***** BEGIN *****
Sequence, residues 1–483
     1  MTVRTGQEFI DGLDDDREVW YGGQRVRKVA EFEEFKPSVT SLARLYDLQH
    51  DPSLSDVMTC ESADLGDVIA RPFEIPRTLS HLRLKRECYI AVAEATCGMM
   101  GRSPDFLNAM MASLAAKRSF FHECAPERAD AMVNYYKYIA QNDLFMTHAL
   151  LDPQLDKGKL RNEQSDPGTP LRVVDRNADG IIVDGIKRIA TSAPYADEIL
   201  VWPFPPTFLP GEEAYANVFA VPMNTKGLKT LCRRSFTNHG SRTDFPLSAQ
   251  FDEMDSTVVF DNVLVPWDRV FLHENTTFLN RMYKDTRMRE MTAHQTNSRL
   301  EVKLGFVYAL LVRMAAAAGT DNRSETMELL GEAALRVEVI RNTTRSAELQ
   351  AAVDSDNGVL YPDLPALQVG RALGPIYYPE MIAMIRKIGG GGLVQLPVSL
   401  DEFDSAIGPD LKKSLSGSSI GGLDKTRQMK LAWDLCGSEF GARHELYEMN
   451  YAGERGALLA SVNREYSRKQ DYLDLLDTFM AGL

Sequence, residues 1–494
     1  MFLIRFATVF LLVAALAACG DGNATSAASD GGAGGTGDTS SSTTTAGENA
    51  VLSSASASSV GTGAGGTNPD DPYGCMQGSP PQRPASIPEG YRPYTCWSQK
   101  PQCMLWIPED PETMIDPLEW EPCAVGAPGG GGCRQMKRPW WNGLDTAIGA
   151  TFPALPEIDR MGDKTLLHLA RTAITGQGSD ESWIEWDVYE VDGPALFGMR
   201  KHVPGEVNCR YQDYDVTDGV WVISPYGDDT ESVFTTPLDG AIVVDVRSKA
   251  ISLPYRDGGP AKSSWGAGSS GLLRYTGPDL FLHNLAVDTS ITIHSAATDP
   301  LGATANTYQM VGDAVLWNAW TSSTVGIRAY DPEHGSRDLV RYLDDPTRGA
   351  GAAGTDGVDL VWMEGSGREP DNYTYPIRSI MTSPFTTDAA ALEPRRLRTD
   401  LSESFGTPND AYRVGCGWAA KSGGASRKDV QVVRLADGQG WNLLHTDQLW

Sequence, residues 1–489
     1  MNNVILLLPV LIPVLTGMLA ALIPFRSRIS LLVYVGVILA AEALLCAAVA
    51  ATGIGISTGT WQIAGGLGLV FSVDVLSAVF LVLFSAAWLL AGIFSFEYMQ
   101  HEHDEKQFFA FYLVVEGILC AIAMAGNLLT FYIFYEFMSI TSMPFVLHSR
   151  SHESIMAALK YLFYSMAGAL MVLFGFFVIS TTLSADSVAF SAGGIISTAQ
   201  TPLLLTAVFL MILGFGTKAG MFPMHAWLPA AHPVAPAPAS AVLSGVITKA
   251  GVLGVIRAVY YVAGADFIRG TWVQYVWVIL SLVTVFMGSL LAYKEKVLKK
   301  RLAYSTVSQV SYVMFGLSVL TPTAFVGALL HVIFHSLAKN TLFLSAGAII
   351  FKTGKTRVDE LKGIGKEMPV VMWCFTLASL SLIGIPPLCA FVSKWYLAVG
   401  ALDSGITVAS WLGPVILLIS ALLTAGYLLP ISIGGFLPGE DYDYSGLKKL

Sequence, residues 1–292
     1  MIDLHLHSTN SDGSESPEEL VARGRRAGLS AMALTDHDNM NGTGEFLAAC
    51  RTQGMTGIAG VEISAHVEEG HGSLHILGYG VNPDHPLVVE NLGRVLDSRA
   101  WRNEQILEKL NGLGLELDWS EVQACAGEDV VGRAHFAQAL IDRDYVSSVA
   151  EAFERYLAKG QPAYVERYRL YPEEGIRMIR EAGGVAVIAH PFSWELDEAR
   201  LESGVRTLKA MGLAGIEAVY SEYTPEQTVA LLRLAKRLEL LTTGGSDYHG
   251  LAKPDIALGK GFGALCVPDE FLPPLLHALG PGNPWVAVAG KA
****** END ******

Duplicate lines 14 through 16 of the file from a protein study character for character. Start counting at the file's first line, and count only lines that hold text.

    51  VLSSASASSV GTGAGGTNPD DPYGCMQGSP PQRPASIPEG YRPYTCWSQK
   101  PQCMLWIPED PETMIDPLEW EPCAVGAPGG GGCRQMKRPW WNGLDTAIGA
   151  TFPALPEIDR MGDKTLLHLA RTAITGQGSD ESWIEWDVYE VDGPALFGMR